One final ingredient which is highly recommended for adding to the "pile" of nutrients for ADHD and related treatments is lecithin. The reason I personally hold in in such high regards is that it restores multiple components which may have been compromised by prolonged magnesium deficiency. Among these are essential omega 3 fatty acids (which are often found to be compromised in a wide range of diseases and disorders such as depression, heart disease, asthma, allergies, blood clotting and strokes, ADHD, multiple other neural disorders, Tourette's, chronic inflammation, and a whole slew of other ailments) such as alpha-linolenic acid , which is sometimes abbreviated as ALA.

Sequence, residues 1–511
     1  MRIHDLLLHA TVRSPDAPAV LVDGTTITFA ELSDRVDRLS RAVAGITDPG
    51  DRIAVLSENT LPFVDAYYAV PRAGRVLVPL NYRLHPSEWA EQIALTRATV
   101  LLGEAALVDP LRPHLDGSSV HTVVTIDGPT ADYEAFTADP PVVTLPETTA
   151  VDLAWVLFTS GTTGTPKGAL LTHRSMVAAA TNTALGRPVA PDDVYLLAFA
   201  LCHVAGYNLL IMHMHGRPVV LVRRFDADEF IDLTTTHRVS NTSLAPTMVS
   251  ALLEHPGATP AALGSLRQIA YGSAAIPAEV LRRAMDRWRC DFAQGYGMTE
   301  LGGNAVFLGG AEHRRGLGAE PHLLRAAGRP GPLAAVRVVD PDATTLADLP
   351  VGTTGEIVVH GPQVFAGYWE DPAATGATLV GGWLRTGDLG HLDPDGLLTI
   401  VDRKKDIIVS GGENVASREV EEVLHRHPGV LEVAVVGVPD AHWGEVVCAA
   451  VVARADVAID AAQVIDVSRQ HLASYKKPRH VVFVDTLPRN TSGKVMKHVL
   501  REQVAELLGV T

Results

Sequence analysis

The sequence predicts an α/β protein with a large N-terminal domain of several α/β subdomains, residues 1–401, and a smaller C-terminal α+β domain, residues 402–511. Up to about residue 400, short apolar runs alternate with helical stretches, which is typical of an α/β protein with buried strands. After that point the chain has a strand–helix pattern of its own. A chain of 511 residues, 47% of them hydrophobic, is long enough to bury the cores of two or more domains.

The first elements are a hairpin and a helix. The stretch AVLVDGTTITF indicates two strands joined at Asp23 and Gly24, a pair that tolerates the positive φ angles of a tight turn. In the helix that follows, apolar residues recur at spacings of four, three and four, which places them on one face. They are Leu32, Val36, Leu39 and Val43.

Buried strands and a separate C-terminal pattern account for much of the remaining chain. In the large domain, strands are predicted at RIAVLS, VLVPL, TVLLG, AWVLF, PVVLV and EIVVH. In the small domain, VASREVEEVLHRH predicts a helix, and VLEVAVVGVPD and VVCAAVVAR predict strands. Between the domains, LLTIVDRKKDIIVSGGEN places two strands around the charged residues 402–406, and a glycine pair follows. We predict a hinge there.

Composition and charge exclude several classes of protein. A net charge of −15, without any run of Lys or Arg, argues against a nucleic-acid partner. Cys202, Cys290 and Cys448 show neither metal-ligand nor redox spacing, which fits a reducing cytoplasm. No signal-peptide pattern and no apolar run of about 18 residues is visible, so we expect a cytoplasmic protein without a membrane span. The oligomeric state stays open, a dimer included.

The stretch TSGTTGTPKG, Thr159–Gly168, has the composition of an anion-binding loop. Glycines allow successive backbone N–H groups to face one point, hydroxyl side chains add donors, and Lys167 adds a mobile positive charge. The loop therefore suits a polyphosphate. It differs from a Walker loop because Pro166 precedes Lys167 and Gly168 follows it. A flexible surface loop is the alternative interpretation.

Additionally, lecithin provides rich levels of inositol which is a special type of sugar which is often listed as a B-vitamin (however, by definition, it is not, since inositol, unlike vitamins, can be synthesized in the body. Nevertheless, it functionally behaves in a manner similar to several other B vitamins and is therefore sometimes classified as such), as several key agents necessary for proper cellular structure and neuronal function. These agents include phosphatidylcholine (which is needed to maintain cell structure, helps regulate breakdown of fats, and is also used to help cells communicate with each other), phostphatidylinositol (which is also required for cell communication or signaling), and phosphatidyl ethanolamine (which is a fatty tissue found in high concentrations in the brain, spinal cord and throughout the nervous system). Inositol itself is also a key "messenger" by facilitating cell-cell communication.